The healthcare industry must comply with regulations or reporting requirements, defend against fraud, and protect patients’ information. Data governance in healthcare helps to reduce or eliminate faulty data and data chaos. Inaccessible or unavailable in separate clinical data silos and valuable “messy” data are routinely left out. Most health-care organizations are drowning in data, yet they cannot get reliable, actionable insights from these data. Good data governance helps to prevent data breaches. 5. Why is it important to have executives involved in data governance projects? Data governance is the control of enterprise data through formal policies and procedures. Data governance is an enterprise-wide project because data cross boundaries and are used by people throughout the enterprise. Proper governance reduces risks for the organization. Executives must be involved in order to determine who owns which data and who can access and/or update that data, particularly data which crosses departmental boundaries. Also, to obtain compliance to data policies and procedures, there must be support from executives who have oversight across the organization. 6. List and explain the costs of data failure. Costs of data failure include: Rework - if data are incorrect, someone has to go to the original source and re-enter the correct data; loss of business: not having correct data for customers, prospective customers, services, or products can cause an inability to be customer-centric and therefore cause a loss of business; safety errors (for patients, in healthcare; for the public, in engineering); malpractice lawsuits (in various fields, such as healthcare, legal, or engineering); and a delay in receiving payments: when billing or payment data are not available, or inaccurate, delays can occur before correct payment is received. 7. Calculate the CIDDA over time: Q1: G = 40%, M = 50%, TS = 20% CIDDA = G x M x TS = 40% x 50% x 20% = 4% Q2: G = 50%, M = 55%, TS = 30% CIDDA = G x M x TS = 50% x 55% x 30% = 8.25% Q3: G = 60%, M = 60%, TS = 40% CIDDA = G x M x TS = 60% x 60% x 40% = 14.4% Q4: G = 60%, M = 70%, TS = 45% CIDDA = G x M x TS = 60% x 70% x 45% = 18.9% 8. Why are data the most valuable asset in health care? Answers may vary. Due to health-care accountability and reporting obligations, and the huge amount of personal data in electronic form, data becomes very valuable in healthcare, not only for serving the patients’ needs, but also for keeping the organization operational and protected from lawsuits.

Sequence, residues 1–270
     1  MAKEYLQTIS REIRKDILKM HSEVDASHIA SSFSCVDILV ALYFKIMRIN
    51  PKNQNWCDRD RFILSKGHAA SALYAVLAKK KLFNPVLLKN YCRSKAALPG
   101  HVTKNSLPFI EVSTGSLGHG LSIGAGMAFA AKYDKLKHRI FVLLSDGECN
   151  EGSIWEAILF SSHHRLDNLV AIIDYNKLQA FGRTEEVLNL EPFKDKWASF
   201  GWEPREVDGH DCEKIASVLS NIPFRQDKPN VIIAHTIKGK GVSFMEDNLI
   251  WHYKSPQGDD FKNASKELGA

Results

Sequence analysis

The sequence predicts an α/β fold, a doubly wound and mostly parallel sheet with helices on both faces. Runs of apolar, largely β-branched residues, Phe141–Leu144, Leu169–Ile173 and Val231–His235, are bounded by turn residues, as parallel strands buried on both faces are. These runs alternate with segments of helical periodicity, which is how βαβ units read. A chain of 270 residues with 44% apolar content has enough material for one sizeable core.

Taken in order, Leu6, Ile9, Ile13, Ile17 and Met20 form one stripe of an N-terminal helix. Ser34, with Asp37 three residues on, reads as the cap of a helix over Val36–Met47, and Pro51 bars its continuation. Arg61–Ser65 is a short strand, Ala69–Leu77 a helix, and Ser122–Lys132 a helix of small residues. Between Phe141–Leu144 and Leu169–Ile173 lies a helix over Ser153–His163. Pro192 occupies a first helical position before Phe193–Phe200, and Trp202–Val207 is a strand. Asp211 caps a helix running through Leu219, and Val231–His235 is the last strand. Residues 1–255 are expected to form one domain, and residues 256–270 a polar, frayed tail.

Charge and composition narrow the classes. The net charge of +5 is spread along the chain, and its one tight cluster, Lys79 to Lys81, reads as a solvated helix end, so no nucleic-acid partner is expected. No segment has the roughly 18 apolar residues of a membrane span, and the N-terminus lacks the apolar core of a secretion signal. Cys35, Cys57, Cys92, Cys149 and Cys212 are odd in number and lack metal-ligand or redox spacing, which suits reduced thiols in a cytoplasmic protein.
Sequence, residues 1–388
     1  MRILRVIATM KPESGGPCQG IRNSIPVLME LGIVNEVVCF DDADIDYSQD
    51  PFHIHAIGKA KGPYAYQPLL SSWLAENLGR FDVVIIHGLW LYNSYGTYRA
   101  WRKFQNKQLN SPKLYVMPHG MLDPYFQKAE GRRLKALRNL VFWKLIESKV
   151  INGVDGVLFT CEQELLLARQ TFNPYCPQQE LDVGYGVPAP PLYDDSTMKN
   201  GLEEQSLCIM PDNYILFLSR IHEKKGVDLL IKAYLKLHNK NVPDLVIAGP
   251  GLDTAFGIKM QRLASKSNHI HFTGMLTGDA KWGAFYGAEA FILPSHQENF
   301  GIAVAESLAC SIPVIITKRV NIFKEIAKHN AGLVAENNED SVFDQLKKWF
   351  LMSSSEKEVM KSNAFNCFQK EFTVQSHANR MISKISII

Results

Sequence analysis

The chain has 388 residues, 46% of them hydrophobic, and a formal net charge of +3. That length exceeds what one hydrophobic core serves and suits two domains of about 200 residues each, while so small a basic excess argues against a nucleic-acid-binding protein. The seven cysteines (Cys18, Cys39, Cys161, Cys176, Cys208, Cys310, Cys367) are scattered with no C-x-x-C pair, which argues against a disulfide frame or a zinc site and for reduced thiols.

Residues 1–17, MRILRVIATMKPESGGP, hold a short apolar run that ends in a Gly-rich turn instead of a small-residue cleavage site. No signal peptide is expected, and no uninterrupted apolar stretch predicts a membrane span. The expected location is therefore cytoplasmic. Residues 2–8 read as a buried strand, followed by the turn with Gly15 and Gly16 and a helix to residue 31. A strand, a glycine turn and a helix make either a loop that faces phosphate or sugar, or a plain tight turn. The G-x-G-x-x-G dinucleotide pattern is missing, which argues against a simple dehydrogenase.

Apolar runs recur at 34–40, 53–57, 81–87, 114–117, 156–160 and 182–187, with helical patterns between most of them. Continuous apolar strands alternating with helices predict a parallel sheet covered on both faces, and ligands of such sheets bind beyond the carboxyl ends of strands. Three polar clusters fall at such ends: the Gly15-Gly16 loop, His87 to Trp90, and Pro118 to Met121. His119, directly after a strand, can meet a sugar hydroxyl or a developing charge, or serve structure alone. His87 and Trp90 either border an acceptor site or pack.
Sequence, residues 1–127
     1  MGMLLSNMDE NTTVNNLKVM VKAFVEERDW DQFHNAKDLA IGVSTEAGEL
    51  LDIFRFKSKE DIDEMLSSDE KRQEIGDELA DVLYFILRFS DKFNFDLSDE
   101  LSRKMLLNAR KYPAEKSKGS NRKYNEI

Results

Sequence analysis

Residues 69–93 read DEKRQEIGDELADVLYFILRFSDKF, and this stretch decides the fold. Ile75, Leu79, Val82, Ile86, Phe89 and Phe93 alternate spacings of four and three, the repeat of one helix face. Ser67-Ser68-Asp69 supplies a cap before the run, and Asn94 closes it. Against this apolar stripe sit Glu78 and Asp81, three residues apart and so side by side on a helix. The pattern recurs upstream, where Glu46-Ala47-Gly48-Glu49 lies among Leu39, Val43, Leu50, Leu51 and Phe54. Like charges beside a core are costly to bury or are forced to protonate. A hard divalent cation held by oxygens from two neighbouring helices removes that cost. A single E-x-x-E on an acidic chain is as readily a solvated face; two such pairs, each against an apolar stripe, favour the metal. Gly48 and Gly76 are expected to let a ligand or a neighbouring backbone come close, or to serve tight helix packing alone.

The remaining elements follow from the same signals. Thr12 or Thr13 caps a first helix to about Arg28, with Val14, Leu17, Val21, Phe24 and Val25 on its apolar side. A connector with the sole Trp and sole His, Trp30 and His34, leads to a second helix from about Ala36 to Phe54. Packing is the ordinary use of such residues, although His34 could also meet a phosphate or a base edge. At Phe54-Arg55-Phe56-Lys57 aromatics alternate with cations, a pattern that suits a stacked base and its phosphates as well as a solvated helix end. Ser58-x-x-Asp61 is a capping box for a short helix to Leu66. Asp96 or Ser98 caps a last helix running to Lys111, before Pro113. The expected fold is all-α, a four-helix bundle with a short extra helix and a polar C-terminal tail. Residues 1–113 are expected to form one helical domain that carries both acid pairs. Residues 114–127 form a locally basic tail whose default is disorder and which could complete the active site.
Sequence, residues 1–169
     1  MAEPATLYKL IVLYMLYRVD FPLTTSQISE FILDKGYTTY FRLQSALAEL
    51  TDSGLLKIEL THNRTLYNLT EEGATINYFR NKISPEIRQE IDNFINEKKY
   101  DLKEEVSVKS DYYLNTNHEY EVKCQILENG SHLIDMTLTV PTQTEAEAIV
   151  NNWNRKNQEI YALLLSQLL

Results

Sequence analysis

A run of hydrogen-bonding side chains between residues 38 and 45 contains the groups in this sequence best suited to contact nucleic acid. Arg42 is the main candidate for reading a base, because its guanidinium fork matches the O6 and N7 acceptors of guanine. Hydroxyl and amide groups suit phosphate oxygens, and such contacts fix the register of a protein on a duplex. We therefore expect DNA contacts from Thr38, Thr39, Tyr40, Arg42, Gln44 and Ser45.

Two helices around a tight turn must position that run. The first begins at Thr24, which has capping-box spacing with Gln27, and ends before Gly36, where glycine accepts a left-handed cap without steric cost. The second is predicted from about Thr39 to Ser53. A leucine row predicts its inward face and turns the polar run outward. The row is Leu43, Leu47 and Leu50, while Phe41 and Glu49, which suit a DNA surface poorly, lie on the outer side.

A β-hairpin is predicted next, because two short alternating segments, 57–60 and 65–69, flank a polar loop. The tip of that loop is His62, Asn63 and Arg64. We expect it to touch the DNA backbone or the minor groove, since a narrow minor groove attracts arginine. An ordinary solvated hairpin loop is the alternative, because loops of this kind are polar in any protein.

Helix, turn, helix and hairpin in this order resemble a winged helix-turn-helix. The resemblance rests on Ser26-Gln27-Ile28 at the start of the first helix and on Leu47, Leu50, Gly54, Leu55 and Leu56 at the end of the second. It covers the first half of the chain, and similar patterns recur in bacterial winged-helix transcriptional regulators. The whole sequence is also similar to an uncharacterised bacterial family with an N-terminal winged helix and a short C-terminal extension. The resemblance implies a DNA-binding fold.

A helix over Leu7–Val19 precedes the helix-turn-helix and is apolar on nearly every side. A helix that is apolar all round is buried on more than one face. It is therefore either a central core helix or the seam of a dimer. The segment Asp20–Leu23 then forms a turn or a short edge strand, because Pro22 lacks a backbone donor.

“Beginning in 2012, hospitals have been penalized for high re-admission rates with cuts to the payments they receive from the government (Miliard, 2011).” Managers need to be able to “access an integrated view of relevant clinical and operational information to drive more informed decision making. For example, by predicting which patients might be readmitted, we can reduce costly and preventable readmissions, decrease mortality rates, and ultimately improve the quality of life for our patients” (Miliard, 2011).
Case 3 – Video Case: Cloud Computing: Three Case Studies 1. Explain the value or benefits of each organization’s cloud investment. The three case studies are about cloud computing usage: SaaS (Software as a Service), IaaS (Infrastructure as a Service), PaaS (Platform as a Service). In the first one, students at a University access Google Apps e-mail (instead of a university email server) from their university portal via a link. Since it is branded, they see their college logo. The value to the university is that there is no need to have an e-mail server of their own. In the second case, an organization leverages cloud computing through Terremark for managing their virtual server (infrastructure) requirements which may be changing dynamically. This optimizes the cost of infrastructure; there is no need to pay for peak-level resource requirements all of the time. In the third one, the connection is from the cloud (a Facebook App) to a company’s API (a service offered to its customers) on its platform, done in order to attract more customers.
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Published on Nov 29, 2017
Published on Nov 29, 2017